The Burj Al Arab – the second-tallest hotel in the world, and deliberately designed to be an architectural icon in the same world-class league as the Eiffel Tower and the Sydney Opera House – is a spectacular place to take afternoon tea. The arrogant, curving exterior, more than a thousand feet tall, demands that you admit you’ve never seen any building like it. The blingtastic interior is a triumph of money over taste, with 20-feet-high aquaria in the lobby, gold leaf on almost every surface, fancy fountains and waterfalls. Book a table in the Skyview Bar, 27 floors up, just below the helipad, about half an hour before sunset. To the east you’ll see out of the ceiling-to-floor windows the Burj Khalifa, half a mile high from tip to sandal-sole, flare orange-gold as it catches the descending sun’s rays. Look west, and the Palm Jumeirah, a three-mile-wide collection of artificial islands covered in expensive homes and more expensive hotels, is gunmetal dark against the gleaming deep turquoise of the early evening Arabian Gulf.
The Burj Al Arab in Dubai, United Arab Emirates, calls itself a “seven-star hotel”, though official designations only go up to five stars. Its labours in attempting to give guests a seven-star experience include having the names of everyone who books afternoon tea (at £70 a head – though to be fair this is only a little more than the Ritz in London charges for the same experience, and a much poorer view) mapped to a specific table, and that map then memorised by the staff, so that even the smiling Filipina who comes to top up your Darjeeling will address you by name. The food was, as it should be, excellent: the slice of pastry-wrapped salmon served before the sandwiches and pastries came up on a Burj Al Arab-shaped cakestand was perhaps the most perfectly cooked fish I have eaten, whipped from the chef’s domain and arriving on my plate at exactly the correct second. I have rarely enjoyed teatime food more: as both a gastronomic experience and hotel theatre, it gave value for every dirham.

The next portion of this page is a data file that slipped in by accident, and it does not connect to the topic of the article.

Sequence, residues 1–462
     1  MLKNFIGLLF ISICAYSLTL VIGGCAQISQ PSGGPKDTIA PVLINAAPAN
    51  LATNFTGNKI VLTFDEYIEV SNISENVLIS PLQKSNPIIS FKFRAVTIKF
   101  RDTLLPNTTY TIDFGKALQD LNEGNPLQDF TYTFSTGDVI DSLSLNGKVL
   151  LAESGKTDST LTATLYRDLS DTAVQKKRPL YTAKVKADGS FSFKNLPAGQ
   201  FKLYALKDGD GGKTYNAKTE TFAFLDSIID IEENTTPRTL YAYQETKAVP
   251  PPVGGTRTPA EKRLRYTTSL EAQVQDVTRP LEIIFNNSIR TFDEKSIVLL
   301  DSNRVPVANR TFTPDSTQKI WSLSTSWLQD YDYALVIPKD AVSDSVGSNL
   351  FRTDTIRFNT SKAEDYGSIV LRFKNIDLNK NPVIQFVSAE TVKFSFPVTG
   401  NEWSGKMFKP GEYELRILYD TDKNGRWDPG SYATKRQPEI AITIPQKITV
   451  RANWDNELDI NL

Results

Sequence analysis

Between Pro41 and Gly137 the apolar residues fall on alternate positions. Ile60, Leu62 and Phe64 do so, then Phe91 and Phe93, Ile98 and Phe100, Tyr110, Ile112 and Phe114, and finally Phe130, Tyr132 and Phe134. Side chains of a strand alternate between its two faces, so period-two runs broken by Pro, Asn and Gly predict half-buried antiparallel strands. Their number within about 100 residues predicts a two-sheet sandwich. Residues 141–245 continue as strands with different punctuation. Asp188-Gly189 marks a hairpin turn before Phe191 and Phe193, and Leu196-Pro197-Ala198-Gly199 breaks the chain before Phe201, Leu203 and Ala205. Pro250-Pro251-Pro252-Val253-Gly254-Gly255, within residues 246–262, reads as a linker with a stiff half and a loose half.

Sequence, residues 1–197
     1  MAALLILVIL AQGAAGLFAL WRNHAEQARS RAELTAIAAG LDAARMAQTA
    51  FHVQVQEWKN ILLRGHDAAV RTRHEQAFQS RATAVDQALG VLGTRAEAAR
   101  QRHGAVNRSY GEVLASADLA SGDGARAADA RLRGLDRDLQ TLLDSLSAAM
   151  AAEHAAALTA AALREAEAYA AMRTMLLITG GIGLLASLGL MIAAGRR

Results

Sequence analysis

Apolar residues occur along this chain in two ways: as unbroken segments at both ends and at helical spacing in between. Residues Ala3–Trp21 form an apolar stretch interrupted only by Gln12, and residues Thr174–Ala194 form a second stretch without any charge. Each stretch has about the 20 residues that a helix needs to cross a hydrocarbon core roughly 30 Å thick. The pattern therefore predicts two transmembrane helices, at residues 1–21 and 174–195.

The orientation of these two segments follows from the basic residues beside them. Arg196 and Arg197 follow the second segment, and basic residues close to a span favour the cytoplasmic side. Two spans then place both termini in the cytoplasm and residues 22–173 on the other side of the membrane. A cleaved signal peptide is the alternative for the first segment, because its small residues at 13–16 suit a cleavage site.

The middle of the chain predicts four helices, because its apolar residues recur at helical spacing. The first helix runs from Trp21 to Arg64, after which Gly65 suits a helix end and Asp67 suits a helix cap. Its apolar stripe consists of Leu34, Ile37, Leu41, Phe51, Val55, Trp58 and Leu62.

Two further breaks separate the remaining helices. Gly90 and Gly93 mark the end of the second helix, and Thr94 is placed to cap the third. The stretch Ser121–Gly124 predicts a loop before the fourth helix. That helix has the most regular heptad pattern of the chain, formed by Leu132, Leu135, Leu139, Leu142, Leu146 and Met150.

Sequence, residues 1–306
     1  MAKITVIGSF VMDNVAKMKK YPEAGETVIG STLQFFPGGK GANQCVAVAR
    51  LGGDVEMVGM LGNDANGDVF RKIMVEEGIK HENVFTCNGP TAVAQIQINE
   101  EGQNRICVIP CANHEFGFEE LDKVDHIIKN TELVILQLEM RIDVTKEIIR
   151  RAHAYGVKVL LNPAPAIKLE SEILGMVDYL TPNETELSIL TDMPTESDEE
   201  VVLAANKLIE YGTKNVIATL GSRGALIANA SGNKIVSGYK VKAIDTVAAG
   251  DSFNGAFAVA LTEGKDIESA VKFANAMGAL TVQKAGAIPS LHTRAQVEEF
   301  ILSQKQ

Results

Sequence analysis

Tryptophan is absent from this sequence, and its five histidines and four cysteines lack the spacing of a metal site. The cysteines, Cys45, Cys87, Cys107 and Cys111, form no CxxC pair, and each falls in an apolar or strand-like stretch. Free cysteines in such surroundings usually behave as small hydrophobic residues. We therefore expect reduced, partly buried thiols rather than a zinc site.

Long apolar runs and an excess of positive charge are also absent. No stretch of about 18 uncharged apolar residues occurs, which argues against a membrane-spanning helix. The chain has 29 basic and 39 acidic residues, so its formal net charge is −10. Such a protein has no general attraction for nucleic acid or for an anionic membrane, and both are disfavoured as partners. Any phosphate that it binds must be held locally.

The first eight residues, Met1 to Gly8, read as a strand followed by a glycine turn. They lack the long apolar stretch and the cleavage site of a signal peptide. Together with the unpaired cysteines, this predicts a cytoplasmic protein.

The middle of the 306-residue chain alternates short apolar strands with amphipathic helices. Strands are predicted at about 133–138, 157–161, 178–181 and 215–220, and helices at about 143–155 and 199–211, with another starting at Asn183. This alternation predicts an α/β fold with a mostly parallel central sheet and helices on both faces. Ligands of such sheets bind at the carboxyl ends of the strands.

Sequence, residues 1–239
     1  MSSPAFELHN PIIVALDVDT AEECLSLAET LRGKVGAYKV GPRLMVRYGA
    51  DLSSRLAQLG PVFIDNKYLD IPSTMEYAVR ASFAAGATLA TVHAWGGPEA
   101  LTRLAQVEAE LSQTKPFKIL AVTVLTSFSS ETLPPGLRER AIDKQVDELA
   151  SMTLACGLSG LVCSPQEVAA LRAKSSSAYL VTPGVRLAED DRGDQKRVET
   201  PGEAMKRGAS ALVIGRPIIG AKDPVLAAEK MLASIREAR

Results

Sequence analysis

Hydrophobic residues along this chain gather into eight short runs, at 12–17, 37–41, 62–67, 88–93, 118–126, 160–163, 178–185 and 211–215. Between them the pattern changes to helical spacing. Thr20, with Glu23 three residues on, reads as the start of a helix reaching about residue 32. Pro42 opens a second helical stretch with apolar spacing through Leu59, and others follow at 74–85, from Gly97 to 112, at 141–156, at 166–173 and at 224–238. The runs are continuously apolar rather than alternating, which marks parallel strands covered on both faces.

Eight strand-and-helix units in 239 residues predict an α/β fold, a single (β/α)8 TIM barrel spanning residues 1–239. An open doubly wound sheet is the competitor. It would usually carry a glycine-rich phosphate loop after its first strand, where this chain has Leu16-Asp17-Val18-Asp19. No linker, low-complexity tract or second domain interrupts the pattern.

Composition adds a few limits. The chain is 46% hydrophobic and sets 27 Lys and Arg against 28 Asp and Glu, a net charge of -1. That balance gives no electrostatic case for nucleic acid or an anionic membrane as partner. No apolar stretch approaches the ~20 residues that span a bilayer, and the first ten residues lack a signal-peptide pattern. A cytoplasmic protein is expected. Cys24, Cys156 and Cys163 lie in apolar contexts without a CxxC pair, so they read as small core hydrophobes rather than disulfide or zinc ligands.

But as you politely refuse the last proffered chocolate, lest you do a Mr Creosote, there is the opportunity to finish with a flourish: how about a beer at the bar itself, as the sun’s final gleam disappears from the darkening sky somewhere out over Qatar? The chance to sip something foaming and hoppy on a barstool 660 feet above the sea probably won’t return for a long time. What acme of the brewer’s art does the Burj Al Arab offer its seven-star customers? Continue reading So what beers does a seven-star hotel serve?